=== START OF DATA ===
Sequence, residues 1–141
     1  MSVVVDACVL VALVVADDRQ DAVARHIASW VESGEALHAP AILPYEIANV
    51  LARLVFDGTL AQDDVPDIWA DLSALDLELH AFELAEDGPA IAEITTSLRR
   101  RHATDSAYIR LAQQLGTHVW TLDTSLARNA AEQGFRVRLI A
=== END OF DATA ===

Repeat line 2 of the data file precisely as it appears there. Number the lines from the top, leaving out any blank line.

     1  MSVVVDACVL VALVVADDRQ DAVARHIASW VESGEALHAP AILPYEIANV